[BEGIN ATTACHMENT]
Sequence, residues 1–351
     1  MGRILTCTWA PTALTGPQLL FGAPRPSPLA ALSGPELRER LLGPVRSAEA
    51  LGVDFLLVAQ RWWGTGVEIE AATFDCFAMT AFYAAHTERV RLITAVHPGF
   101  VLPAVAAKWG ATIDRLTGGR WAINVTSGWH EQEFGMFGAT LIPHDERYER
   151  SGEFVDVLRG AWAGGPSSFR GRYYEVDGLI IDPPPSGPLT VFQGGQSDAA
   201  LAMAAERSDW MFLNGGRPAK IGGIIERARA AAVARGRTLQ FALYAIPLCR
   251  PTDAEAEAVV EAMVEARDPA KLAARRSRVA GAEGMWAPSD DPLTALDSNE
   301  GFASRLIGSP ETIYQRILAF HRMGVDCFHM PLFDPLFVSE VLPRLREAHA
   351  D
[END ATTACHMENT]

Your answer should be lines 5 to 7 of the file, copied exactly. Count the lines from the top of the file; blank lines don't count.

   151  SGEFVDVLRG AWAGGPSSFR GRYYEVDGLI IDPPPSGPLT VFQGGQSDAA
   201  LAMAAERSDW MFLNGGRPAK IGGIIERARA AAVARGRTLQ FALYAIPLCR
   251  PTDAEAEAVV EAMVEARDPA KLAARRSRVA GAEGMWAPSD DPLTALDSNE